But, perhaps the biggest issue that I had, as many newbies do, is not using a proper canning recipe.
Once upon a time, I had no idea that certain items needed other items to can safely. For example, fruit needed sugar to help preserve it better. I was trying to cut the sugar out of our diets, and made the move to can some homemade jam with an alternative sweetener. I was so grateful that a friend asked about it, and when I told her what the recipe was she showed me how dangerous that could be. Following a good, tested recipe is your safest bet to preserving your food safely.
I have several canning books now, but this new one I found has been awesome.
It’s called “The Organic Canner” by Daisy Luther.
It’s chock full of delicious, easy to follow recipes that are simple enough for even a beginner to follow. There isn’t a recipe in this 230 page book that wouldn’t fit any homesteader and garden size. You’ll learn simple steps to canning from peas to canning stock. Even though I would consider myself a seasoned canner, finding new recipes like her spicy pears or her canned nuts (I had no idea you could can nuts!!!) are a welcome treat to the same ol’ same ol. This is one canning book you’ll not want to be without!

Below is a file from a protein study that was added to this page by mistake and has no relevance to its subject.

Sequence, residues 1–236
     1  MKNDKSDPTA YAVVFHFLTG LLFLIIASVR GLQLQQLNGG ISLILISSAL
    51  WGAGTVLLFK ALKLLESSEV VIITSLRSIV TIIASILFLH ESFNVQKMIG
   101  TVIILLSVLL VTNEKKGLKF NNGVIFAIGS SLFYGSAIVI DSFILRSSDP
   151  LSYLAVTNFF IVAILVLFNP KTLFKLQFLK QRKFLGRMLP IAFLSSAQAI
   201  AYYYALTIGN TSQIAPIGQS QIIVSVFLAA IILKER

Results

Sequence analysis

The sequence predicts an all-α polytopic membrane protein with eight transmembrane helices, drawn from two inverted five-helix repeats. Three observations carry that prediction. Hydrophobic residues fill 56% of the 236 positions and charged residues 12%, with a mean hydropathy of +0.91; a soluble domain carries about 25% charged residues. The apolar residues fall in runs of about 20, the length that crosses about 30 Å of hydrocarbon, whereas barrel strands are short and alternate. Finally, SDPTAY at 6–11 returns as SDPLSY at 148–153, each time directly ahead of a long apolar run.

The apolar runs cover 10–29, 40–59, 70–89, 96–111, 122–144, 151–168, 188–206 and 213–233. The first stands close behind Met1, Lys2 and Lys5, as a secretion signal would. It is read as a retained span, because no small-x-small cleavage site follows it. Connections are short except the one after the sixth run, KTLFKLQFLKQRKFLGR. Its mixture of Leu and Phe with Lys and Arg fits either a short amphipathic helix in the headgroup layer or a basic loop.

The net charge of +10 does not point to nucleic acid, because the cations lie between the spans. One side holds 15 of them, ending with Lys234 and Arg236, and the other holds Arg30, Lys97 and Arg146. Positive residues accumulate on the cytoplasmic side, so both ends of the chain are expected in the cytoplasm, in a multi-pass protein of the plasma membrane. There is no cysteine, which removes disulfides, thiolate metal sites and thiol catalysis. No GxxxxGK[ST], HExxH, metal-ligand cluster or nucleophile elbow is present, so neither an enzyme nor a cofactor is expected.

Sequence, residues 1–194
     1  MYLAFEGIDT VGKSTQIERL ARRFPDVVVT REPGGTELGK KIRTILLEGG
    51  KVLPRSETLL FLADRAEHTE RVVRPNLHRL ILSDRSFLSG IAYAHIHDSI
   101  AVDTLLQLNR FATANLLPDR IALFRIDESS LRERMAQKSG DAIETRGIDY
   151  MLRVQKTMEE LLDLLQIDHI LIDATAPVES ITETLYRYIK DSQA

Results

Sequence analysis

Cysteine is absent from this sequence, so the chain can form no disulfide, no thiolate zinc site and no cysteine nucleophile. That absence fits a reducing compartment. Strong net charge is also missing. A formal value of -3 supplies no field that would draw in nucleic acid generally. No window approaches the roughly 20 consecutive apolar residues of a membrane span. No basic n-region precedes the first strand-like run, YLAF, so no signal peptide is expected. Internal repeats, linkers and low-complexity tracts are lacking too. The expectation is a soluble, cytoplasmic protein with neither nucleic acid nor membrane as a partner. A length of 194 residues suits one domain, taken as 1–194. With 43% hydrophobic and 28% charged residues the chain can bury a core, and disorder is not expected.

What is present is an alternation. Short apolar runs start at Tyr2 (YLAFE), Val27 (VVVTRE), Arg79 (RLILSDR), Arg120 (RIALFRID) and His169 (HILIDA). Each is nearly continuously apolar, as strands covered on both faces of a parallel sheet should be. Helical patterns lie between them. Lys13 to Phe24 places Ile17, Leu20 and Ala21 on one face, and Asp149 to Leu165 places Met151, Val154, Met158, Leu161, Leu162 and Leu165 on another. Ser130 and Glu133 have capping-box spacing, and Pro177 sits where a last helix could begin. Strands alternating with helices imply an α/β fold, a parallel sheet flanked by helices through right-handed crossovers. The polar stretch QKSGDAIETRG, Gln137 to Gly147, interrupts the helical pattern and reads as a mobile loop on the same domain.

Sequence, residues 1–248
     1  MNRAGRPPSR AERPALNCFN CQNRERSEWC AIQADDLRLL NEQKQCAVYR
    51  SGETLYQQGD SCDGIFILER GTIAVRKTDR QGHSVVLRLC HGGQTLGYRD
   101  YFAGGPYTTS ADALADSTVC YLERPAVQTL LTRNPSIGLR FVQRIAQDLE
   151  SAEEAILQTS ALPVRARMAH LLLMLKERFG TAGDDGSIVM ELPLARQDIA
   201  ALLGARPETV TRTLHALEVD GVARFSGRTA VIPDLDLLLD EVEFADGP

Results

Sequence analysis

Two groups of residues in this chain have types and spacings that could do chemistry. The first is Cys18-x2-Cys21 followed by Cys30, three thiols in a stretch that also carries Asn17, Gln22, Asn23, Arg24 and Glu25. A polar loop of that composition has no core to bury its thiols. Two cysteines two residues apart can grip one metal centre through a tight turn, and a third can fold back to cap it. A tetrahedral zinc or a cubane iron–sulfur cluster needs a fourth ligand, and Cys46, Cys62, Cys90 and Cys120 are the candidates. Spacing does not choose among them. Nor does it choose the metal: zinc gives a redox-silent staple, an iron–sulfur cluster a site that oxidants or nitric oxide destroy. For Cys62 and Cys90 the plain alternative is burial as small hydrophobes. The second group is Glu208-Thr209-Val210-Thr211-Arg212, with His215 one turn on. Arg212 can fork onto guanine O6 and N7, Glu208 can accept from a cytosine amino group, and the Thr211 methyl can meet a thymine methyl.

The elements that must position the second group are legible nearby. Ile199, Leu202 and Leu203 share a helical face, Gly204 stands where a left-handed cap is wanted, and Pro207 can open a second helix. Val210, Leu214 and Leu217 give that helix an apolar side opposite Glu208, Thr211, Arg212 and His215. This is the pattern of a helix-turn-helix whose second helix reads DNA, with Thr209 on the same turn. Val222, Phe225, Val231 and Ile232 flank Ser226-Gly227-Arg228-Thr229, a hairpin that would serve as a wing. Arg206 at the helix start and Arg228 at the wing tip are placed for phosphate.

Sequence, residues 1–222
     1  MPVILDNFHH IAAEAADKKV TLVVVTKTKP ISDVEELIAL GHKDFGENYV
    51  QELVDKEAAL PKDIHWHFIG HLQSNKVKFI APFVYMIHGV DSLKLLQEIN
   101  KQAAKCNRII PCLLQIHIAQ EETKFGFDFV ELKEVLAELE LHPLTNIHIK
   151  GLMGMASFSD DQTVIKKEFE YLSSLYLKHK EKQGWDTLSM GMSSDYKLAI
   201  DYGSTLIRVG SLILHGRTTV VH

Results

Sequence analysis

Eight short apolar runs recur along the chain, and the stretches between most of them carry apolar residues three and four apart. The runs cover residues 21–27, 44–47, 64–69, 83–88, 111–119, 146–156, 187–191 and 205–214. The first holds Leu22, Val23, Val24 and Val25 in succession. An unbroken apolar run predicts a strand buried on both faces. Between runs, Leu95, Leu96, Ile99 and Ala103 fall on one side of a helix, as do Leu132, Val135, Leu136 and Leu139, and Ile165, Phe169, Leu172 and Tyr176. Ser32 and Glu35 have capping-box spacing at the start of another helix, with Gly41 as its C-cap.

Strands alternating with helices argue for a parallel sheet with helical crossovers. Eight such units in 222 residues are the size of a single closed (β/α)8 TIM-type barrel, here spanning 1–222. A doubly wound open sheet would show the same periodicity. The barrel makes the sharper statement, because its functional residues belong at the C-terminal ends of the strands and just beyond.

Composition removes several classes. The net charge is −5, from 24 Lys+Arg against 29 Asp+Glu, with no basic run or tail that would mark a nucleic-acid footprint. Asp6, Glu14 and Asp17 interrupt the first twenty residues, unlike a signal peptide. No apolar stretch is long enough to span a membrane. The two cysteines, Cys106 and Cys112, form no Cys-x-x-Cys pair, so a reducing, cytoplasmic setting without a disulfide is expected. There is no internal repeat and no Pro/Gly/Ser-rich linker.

Lastly, the biggest mistake a canner can make is reusing lids.
The metal lids, like these from Ball, are to not meant to be reused. Sure, your grandmother may reused them, but it’s not safe. The seals may not be as strong, allowing air and thus bacteria into your food. If you want to save money on lids, I am totally loving the reusable-ity of Tattler Lids. You can reuse these lids several times over, and the only thing you would need to replace after a few uses is the rubber ring for the lid. Mine have lasted 4 years now and are still going strong, which makes them a great investment! They are a hard, bpa free plastic that is a great alternative to the thin metal lids you toss.
Want to learn more about canning off grid? This video will guide you through everything you need to know how to safely prepare and can your food, even when there is no power, and you find yourself truly off-grid. In this DVD:
- Which way out of three different canning methods, is likely to kill you?
- How has bacteria mutated since Grandma used to can, and how does that affect you?
- How to can raw meat, and why some meat has to be canned differently.
- Why canning milk and eggs should be avoided.
- When to use different canning methods.
- How to can berries, vegetables, fruit, meat off-grid.
- How to blanch tomatoes
... and so much more!
Get a FREE copy of the ebook, Canning For Beginners with each purchase as well! Grab yours today! Only $14.95 it also makes a great gift!